Spinifex State College, Mount Isa Education and Training Precinct

Location: Spinifex State College in Mount Isa

It is a modern college with a junior campus (Years 7 – 9), a senior campus (years 10 – 12) and a residential campus. About half of the school’s 850 students are from low SES backgrounds, with three quarters in the lowest two SES quartiles. Approximately 11 percent of students have an identified disability, 38 per cent are Indigenous students and 16 per cent of students are from non-English speaking backgrounds.

How [insert school name] has used Gonski funding

Literacy is a significant issue for Spinifex SC students, so the College implemented a reading strategy across the school. This involved employing a literacy coach to build the capacity of heads of department and teachers in explicitly teaching reading. Targeted professional development was provided for staff, and teacher aides have been trained in strategies to provide support for students whose reading levels are significantly below their age cohort.

In the maths area, teachers are benefitting from the provision of technology-based professional development in strategies to improve students’ understanding of mathematical concepts.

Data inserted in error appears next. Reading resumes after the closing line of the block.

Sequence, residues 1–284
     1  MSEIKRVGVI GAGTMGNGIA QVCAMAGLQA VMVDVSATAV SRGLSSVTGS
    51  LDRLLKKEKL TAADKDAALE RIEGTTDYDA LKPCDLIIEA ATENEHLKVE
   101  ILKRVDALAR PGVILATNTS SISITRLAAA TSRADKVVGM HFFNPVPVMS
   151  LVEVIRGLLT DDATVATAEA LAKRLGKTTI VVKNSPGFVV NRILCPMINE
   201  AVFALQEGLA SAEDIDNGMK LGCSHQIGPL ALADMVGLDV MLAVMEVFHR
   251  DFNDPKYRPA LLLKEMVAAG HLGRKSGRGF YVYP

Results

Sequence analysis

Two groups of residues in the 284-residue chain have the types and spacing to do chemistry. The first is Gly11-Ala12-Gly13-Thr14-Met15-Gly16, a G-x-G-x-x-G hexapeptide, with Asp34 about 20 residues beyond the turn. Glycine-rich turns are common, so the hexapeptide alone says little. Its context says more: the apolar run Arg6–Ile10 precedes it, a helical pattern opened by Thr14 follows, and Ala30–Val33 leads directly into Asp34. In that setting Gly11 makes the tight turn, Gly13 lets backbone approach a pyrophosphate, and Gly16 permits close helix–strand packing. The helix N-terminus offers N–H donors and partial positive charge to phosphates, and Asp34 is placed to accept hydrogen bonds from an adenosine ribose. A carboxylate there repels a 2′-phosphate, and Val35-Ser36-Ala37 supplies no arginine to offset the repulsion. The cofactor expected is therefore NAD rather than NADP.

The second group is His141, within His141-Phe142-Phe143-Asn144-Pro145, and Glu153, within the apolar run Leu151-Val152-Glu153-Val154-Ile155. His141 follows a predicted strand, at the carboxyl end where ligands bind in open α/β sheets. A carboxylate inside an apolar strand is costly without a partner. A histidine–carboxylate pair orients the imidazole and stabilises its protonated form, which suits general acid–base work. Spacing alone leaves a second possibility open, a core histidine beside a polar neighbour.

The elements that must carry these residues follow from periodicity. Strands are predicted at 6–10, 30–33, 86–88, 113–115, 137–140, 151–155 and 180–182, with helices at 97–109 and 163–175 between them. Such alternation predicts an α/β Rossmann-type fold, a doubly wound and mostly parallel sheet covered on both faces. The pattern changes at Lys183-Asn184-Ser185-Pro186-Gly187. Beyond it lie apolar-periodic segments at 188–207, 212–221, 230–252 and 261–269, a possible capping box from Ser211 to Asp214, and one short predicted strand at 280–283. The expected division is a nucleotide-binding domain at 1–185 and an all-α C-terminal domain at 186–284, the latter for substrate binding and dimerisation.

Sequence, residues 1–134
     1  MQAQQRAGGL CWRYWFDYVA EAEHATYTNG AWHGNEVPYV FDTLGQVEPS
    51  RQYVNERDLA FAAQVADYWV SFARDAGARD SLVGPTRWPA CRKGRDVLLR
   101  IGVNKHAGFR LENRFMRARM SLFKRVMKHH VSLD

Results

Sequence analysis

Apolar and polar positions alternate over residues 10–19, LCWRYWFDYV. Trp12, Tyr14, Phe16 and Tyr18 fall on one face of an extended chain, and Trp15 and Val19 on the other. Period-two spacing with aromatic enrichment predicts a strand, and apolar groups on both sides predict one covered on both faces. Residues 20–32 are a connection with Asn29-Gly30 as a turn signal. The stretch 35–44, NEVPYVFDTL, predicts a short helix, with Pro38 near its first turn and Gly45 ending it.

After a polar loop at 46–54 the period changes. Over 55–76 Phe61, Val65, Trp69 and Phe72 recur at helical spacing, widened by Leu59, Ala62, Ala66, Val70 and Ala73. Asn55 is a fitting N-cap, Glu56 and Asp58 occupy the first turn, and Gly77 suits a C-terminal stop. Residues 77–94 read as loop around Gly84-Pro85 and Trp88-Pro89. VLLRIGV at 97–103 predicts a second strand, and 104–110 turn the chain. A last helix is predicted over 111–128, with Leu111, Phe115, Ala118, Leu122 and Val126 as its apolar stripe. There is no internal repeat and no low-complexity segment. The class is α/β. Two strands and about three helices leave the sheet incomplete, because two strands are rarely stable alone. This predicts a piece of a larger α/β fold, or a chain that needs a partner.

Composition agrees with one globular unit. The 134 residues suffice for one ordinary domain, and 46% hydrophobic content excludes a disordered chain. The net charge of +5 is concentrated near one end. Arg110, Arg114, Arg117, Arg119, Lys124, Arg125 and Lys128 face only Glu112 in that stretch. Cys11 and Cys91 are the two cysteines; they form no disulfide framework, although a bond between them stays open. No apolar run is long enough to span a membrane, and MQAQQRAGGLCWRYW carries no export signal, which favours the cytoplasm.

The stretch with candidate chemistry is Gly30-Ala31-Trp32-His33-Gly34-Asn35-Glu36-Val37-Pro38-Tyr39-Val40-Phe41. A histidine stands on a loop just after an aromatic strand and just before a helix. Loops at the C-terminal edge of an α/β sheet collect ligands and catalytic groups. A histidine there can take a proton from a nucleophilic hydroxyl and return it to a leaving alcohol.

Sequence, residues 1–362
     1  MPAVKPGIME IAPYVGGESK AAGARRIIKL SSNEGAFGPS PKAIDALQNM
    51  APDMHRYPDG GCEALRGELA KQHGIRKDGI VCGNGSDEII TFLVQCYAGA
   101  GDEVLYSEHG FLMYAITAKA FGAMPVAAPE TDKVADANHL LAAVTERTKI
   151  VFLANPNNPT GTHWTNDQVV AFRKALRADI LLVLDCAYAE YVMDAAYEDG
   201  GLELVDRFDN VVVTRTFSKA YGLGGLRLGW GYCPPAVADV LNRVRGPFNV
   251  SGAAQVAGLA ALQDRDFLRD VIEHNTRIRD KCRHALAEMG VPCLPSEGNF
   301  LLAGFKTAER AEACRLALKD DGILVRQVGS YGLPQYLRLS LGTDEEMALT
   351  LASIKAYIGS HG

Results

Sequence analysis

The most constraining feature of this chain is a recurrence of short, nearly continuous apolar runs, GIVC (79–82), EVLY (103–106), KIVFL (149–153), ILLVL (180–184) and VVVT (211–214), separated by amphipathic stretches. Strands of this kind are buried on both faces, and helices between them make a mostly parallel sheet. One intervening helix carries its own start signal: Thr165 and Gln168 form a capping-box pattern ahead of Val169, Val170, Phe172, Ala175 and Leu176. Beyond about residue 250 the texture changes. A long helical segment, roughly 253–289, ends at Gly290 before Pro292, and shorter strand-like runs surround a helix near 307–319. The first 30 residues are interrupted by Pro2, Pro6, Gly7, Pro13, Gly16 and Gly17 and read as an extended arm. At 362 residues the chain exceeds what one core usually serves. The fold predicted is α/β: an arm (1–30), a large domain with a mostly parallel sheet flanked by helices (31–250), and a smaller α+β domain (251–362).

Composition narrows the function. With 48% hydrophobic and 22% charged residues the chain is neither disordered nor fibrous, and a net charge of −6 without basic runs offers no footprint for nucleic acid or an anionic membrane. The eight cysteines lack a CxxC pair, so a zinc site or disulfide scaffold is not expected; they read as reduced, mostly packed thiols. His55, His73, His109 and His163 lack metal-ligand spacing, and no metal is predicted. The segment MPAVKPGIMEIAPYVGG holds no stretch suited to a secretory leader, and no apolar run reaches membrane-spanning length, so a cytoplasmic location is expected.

Greater administration support has been provided to monitor and track attendance data and follow through as required using newly purchased TrackEd software. Students also benefit from an afternoon homework class which provides the opportunity to gain additional support from teacher aides and volunteer teachers.

How Gonski funding has made a difference for students

The extra funding has produced a range of significant and measurable benefits across the college. NAPLAN data for Years 7 to 9 reading shows upward trends in achievement for students at each of the three Year levels. Meanwhile, Year 12 certificate rates increased in 2015 by 9 per cent, in comparison to the state average of 3.8 per cent.

What the continuation of Gonski funding means to Spinifex SS

Spinifex SC Principal Denise Kostowski believes that the regular funding that schools receive doesn’t address the significant challenges facing the Spinifex learners some of whom have missed significant periods of school. “Without additional needs-based funding we could not provide the extra support for students to begin to close the gaps in their learning,” she says.

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